Monday 30 May 2022

Enjoyment and discovery: Paul McCreesh and Gabrieli Consort & Players in Bach's Ascension Oratorio

Feast of the Ascension
Bach: Mass in A, Ascension Oratorio; Mary Bevan, Tim Mead, Thomas Walker, Malachy Frame, Gabrieli Consort & Players, Paul McCreesh; Wigmore Hall
Reviewed 27 May 2022 (★★★★★)

A wonderful evening of rarer Bach for the Feast of the Ascension, brimming with imagination and in terrific performances

For their last Wigmore Hall concert this season (27 May 2022), Paul McCreesh and Gabrieli Consort & Players performed a programme of Bach suitable for the season, the Feast of the Ascension (which was on 26 May 2022). With soprano Mary Bevan, counter-tenor Tim Mead, tenor Thomas Walker, and baritone Malachy Frame with an instrumental ensemble of 18 led by violinist Catherine Martin, they performed Bach's Sinfonia from Wir danken dir, Gott, wir danken dir BWV 29, Mass in A BWV 234, Sinfonia in D BWV 1045 and Lobet Gott in seinen Reichen BWV 11 'Ascension Oratorio'.

Whilst the music technically dates from the 1730s and 1740s, one of the fascinating things about the pieces was the way Bach had recycled music from earlier (often occasional) works, and in the case of the counter-tenor aria from the Ascension Oratorio would reuse them again as he based the Agnus Dei from the Mass in B minor on the aria.

The Sinfonia from BWV 29 featured three trumpets to create a joyful sound, but the piece is based on a solo violin piece, now transferred to organ this meant that running through it was this demented organ line to striking effect. Though I did rather wish we had had an organ with a bit more poke than the chamber organ on the Wigmore Hall stage.

Bach's Mass in A is one of his so-called Lutheran masses, works that set just the Kyrie and Gloria in Latin, because these were the only two movements that Luther allowed to be used on special occasions. In contrast to the Sinfonia, this was a work full of delicate and interesting timbres. The Kyrie began with graceful flutes and the four voices in chorale-like music but enlivened by more elaborate moments in the vocal lines. The rather striking Christe had the voices in a slow fugue over sustained strings to haunting effect, whilst the final Kyrie was in complete contrast a fugue that really danced.

The Gloria began with briskly vivid music which alternated with slower, more expressive material by turns counter-tenor, tenor and baritone solos, then a slow ensemble (Bach seems to have diddled his boy treble out of his solo here). Malachy Frame gave a fine account of the Domine Deus, a continuo aria with quite an elaborate vocal line, then for Qui Tollis the treble finally got his solo (here, of course, Mary Bevan). She gave us a poised, slowly unfolding vocal line with two intertwining flutes. Quite fabulous with the sense of Bevan in a halo of flute, floated yet intense. Tim Mead was nicely poised in the busy vocal line in his solo for Quonian, which came over as a robust dance with an equally busy violin part.  We ended with Cum sancto spiritu, a chorale sung by the four soloists against a wonderfully vivid orchestral texture.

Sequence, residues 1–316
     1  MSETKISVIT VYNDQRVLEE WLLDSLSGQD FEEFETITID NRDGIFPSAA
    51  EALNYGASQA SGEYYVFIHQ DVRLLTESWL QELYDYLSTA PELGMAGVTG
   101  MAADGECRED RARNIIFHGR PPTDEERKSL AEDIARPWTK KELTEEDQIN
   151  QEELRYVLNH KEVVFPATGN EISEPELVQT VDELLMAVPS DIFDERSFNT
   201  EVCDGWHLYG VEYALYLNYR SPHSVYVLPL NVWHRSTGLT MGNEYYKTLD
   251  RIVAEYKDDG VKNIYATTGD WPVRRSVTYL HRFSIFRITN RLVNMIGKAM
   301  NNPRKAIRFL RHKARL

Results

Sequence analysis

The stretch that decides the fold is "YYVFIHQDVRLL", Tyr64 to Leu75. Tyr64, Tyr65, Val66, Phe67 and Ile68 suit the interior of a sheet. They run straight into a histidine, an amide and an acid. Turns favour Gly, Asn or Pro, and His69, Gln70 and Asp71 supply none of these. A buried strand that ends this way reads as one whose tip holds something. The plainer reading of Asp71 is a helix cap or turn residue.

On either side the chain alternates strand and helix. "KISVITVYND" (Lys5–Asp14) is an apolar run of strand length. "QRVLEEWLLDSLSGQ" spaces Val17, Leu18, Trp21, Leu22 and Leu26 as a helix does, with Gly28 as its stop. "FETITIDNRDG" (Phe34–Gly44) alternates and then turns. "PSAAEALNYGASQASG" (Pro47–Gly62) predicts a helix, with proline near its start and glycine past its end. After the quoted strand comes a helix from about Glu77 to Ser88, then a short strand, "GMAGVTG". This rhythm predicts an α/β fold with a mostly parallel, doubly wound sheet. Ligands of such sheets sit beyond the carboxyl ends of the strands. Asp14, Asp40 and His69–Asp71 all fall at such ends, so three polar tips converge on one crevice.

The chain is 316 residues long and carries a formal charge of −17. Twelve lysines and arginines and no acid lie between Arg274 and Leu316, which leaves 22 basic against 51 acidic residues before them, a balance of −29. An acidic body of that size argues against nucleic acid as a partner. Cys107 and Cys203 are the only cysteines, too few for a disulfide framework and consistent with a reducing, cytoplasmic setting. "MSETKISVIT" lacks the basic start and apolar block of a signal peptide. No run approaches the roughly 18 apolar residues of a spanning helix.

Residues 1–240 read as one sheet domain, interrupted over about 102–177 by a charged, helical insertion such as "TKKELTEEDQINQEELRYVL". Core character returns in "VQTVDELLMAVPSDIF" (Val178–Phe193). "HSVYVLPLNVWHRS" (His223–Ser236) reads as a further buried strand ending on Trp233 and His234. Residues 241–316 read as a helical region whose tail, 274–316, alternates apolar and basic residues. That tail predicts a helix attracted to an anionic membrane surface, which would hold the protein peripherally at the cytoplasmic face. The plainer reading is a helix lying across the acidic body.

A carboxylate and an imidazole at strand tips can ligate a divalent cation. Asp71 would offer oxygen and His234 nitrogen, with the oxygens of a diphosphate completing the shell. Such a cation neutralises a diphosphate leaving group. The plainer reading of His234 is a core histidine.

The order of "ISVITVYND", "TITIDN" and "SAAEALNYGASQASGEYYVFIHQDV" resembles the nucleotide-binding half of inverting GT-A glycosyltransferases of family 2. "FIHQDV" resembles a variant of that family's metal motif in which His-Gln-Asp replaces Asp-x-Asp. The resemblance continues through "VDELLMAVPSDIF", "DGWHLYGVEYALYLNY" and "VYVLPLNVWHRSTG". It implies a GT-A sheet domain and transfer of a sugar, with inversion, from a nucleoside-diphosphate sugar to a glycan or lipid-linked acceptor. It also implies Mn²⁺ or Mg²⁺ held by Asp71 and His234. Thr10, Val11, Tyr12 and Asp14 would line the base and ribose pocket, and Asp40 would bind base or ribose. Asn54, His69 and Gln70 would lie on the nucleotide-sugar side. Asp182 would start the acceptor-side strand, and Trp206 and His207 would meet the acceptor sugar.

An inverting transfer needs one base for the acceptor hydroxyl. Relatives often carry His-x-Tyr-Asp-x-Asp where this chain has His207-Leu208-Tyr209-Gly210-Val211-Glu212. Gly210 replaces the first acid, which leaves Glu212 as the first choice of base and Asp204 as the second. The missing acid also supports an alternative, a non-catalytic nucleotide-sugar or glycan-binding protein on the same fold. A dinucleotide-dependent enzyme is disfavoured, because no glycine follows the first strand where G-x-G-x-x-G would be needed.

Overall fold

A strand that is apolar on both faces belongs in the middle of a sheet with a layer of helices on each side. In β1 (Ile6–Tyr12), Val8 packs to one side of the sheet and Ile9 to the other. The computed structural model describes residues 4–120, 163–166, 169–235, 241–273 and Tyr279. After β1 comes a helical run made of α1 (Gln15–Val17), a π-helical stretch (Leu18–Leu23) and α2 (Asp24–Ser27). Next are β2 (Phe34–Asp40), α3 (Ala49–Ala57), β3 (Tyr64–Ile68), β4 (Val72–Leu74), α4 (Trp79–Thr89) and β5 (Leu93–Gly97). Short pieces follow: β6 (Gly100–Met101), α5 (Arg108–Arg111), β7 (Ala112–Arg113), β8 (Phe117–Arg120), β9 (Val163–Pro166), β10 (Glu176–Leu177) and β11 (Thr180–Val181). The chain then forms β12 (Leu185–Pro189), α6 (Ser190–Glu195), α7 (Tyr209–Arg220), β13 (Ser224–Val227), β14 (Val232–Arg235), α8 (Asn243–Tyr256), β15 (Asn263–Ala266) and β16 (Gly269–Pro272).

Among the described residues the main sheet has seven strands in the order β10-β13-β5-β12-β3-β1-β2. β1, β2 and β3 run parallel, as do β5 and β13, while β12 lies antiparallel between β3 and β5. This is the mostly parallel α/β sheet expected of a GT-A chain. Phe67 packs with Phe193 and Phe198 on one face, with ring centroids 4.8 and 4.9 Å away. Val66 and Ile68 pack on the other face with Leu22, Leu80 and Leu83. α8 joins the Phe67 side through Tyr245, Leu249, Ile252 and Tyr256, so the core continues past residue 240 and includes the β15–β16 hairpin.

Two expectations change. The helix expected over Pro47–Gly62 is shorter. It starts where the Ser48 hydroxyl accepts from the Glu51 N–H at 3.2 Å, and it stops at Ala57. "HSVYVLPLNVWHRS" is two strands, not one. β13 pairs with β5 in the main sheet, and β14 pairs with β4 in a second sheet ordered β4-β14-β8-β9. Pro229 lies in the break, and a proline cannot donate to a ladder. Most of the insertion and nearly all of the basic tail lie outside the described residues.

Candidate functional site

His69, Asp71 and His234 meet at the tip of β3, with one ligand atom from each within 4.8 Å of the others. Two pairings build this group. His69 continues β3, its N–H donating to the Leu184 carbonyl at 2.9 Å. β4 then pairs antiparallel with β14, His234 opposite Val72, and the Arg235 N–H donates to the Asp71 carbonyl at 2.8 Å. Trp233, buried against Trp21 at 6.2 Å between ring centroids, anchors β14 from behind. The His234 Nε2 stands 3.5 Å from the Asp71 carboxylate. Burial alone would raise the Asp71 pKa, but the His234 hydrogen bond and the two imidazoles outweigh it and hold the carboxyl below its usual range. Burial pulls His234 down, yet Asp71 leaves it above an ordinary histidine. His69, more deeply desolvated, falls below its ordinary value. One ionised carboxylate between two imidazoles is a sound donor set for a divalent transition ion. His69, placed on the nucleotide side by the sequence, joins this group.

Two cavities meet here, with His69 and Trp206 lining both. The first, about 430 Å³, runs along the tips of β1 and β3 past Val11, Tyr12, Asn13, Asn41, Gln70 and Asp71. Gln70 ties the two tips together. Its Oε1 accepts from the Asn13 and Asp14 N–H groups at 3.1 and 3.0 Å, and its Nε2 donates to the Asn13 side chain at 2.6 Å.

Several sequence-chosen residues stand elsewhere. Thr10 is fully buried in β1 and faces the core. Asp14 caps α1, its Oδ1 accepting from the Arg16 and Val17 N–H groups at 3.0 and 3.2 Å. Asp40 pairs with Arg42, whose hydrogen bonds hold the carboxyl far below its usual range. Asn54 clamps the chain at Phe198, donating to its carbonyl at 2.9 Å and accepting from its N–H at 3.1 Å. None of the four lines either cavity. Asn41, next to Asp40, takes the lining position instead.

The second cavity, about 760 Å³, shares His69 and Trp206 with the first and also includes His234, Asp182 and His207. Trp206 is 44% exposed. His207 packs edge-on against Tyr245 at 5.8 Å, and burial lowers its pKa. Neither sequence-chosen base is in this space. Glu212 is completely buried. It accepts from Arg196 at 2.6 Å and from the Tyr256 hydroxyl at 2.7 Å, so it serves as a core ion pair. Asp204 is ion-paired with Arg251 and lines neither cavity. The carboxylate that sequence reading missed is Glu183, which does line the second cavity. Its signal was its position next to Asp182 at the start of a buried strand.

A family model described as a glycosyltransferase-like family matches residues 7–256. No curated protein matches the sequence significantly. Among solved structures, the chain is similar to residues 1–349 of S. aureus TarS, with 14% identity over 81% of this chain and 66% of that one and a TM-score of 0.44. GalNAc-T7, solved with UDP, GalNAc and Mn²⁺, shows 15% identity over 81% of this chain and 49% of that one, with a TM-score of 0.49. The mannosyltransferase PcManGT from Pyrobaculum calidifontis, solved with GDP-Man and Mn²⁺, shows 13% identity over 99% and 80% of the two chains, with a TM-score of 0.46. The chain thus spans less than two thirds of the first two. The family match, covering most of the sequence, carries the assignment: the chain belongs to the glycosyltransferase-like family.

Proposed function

After the interval, the trumpets returned and were joined by oboes for the Sinfonia in D BWV 1045, another vivid piece with a virtuoso solo violin. 

For the Ascension Oratorio the stage was full as the instrumental ensemble included flutes, oboes and trumpets. The Evangelist was tenor Thomas Walker, singing vividly with a fine array of colours in the voice, at one point he was joined in the recitative by baritone Malachy Frame when the words talked about two men in white talking to the Apostles. And when the words of the recitative recall the alto aria, Bach brings back the alto, here Tim Mead. 

We opened with a perky chorus generically praising God, with vigorous vocal contributions, a movement actually written three years earlier for the reconsecration of the Leipzig Thomasschule. The expressively chromatic first aria was sung with lovely phrasing and fine tone by Tim Mead, and the second aria featured soprano Mary Bevan with an ensemble of flutes, oboes, violins and violas. Thus, no bass instruments to fabulous effect, and it really felt like chamber music with Bevan being primus inter pares rather than a dominating soloist. Between these two arias came the dark and sober choral, and the work ended with a rather jolly instrumental contribution featuring the trumpets with chorale-like punctuations from the singers.

What amazed was the sheer fertility of Bach's imagination, all this fine music which is so very rarely performed. The very full platform gave us a sense, perhaps, of the way Bach's musicians might have been crammed in the organ loft, and here there was a great sense of enjoyment and discovery, revealing this music in finely engaging and engaged performances.

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